by Kelly VirginIn the first chapter of Dear Martin by Nic Stone Justyce McAllister, an Ivy League bound, black teenager, is handcuffed and detained by the police when they mistakenly assume he is up to something as he attempts to keep his drunk and slightly belligerent ex-girlfriend from driving herself home. This incident is understandably jarring for the teen and he thinks to himself:
Yeah, there are no more “colored” water fountains, and it’s supposed to be illegal to discriminate, but if I can be forced to sit on the concrete in too-tight cuffs when I’ve done nothing wrong, it’s clear there’s an issue. That things aren’t as equal as folks say they are.
In an attempt to come to terms with the experience and to deal with the pressures he feels from the neighborhood he managed to escape and the prep school he doesn’t entirely fit into, Justyce starts a journal to Dr. Martin Luther King Jr. However, tragedy strikes his life and he starts to question whether Dr. King’s teachings still apply to the world we live in today. Read more
By Mary Buckelew
“Rubrics make powerful promises. They promise to save time. They promise to boil a messy process down to four to six rows of nice neat, organized little boxes. Who can resist their wiles? They seduce us with their appearance of simplicity and objectivity and then secure their place in our repertoire of assessment techniques with their claim to help us to clarify our goals and guide students through the difficult and complex task of writing” (2). Rethinking Rubrics in Writing Assessment (2007), by Maja Wilson
How many points is this assignment worth? How many lines do I need to write? How many pages? Where’s the rubric? Why did I get a 3 in organization? Why didn’t I get full credit? How do I get an A?
Students enter my college freshman writing classes with the above litany of questions, sometimes spoken, sometimes unspoken, but ever present. These questions are as natural as breathing and begin early in students’ K-12 school careers. Read more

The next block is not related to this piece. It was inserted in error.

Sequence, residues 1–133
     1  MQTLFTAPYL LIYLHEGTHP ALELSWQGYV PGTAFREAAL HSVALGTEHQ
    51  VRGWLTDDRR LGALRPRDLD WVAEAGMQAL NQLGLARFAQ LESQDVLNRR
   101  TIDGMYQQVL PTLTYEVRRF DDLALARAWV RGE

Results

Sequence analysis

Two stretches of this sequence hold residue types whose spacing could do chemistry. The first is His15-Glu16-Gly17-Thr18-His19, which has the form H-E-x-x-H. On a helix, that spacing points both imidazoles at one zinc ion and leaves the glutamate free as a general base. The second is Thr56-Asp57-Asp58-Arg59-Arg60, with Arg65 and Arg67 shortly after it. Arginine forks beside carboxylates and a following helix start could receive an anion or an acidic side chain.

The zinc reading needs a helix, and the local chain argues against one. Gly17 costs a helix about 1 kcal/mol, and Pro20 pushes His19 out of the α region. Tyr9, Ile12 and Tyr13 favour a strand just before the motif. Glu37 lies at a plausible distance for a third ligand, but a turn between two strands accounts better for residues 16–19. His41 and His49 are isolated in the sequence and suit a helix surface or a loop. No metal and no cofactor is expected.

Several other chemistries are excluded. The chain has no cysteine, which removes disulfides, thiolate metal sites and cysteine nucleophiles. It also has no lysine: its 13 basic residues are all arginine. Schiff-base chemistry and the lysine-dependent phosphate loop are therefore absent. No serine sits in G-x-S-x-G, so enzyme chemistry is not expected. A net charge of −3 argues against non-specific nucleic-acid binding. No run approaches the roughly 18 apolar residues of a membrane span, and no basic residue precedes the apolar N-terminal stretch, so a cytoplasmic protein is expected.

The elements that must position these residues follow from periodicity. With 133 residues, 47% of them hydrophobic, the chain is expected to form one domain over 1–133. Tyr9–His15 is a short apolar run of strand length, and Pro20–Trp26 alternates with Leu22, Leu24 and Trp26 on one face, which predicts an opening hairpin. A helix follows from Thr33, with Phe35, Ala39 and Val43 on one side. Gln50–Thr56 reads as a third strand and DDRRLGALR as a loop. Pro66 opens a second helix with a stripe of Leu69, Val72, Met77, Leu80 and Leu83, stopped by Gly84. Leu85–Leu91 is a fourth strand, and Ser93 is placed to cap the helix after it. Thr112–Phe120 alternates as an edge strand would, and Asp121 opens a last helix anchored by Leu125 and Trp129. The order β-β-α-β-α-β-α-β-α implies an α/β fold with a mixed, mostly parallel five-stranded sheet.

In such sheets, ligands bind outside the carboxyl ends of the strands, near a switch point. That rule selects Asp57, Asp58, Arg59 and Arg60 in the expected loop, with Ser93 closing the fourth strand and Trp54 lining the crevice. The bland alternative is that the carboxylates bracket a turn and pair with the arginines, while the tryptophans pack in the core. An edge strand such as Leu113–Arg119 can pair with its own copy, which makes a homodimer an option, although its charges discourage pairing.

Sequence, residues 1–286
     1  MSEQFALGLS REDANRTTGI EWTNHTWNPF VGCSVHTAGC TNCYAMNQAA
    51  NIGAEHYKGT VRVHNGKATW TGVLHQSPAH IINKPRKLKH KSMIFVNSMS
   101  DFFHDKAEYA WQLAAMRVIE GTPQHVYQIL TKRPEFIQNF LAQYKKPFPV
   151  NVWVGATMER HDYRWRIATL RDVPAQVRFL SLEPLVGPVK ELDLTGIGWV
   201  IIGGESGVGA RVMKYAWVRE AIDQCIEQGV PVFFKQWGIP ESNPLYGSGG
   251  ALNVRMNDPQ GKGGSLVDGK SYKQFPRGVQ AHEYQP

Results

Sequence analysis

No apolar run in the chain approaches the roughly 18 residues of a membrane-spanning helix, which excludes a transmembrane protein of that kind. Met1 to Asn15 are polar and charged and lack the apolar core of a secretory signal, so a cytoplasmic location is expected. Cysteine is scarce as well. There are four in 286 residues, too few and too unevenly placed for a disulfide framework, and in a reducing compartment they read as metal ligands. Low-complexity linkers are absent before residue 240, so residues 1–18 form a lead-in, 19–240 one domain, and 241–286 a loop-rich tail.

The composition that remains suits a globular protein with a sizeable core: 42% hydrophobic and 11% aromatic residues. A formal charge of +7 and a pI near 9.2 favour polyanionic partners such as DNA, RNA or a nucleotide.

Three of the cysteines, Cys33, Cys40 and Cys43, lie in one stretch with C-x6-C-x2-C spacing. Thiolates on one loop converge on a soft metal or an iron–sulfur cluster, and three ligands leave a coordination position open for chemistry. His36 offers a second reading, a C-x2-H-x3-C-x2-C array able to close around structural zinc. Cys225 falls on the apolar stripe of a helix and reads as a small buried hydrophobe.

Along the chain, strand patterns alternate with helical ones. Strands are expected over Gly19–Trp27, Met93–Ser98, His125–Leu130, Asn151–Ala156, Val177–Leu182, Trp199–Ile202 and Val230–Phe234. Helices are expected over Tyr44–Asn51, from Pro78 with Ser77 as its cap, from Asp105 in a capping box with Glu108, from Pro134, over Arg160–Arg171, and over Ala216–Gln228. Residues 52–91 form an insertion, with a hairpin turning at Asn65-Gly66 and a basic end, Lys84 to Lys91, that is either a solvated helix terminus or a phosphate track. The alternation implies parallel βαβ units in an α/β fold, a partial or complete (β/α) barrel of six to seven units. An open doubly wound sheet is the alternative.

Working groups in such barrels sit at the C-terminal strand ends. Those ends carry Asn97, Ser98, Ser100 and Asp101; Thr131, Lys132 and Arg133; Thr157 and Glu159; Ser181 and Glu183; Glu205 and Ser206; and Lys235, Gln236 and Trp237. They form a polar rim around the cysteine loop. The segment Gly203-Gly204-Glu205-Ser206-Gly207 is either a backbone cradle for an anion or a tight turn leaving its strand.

by Linda Walker
Oh my gosh! I went solo for preschool storytime and I survived. I brought out one of my grandson’s favorite books The Little Mouse, The Red Ripe Strawberry and the Big Hungry Bear by Don and Audrey Wood. What a great way to draw in the listener. The reader speaks directly to a young audience by asking , “Hello, little Mouse. What are you doing?” The simple text and large colorful illustrations encouraged childen to make predictions and discover cause and effect relationships.
Of course any storytime should include partcipation and what better way than going on a bear hunt. Read more
by Linda Walker
Choosing a book to review can sometimes be a challenge because there are just so many interesting titles. I will admit the reason I chose The Marvelous Magic of Miss Mabel is not for the engaging title but because the witch caricature has a distinct resemblance to me and green is my favorite color. This book is a fantasy which would interest grades 3-5.
As a baby, Mabel was abandoned by her birth mother. She was nestled into a large terra-cotta flowerpot at the doorstep of Nora Ratcliff. Nora raises the child as her own. Soon it becomes obvious that Mable has some unusual talents; lifting off the ground, sending objects swirling through the air, making things change color.
by Linda Walker
New Year’s Eve 2016 my husband and I enjoyed the company of our two young grandchildren. My granddaughter brought along her digital camera to document the evening. She snapped photos of balloons, streamers, noise makers and Grandad wearing a silly hat and an even sillier expression. While driving to the local pizza parlor for our dinner, she and I stopped at several places to snap some more pictures: the local high school her mom attended, the water tower, and several nighttime shots of the Domino pizza sign just to verify that yes, we did eat something other than chips and dip. Later we talked about how much fun it was to go back and relive the night through her photos. Days after I began to think about how those captured digital moments could become the springboard for poetry writing. This idea led me to search for poetry books with photographs as a medium. And that is how I discovered April Pulley Sayre. Read more
by Sharon Williams
Each year I teach a historical fiction reading unit in the reading workshop format. Students are offered 14 titles to choose from and are paired with other students who pick the same title. When our grade level team of LA teachers first began teaching this unit, we had a limited number of novels from which our students could choose. Past practice found the LA teachers spending time combing through internet searches for historical fiction novels to add to our repertoire.
Last year, upon finishing our unit, I encouraged my students to do a bit of searching on their own to find a historical fiction novel to use for their independent reading and to report back to me any titles they found to be outstanding. I had a few students take me up on this challenge, and I have spent some time reading their recommendations over the past few months. One novel that a student had deemed a worthy read was Everything I Never Told You by Celeste Ng. Read more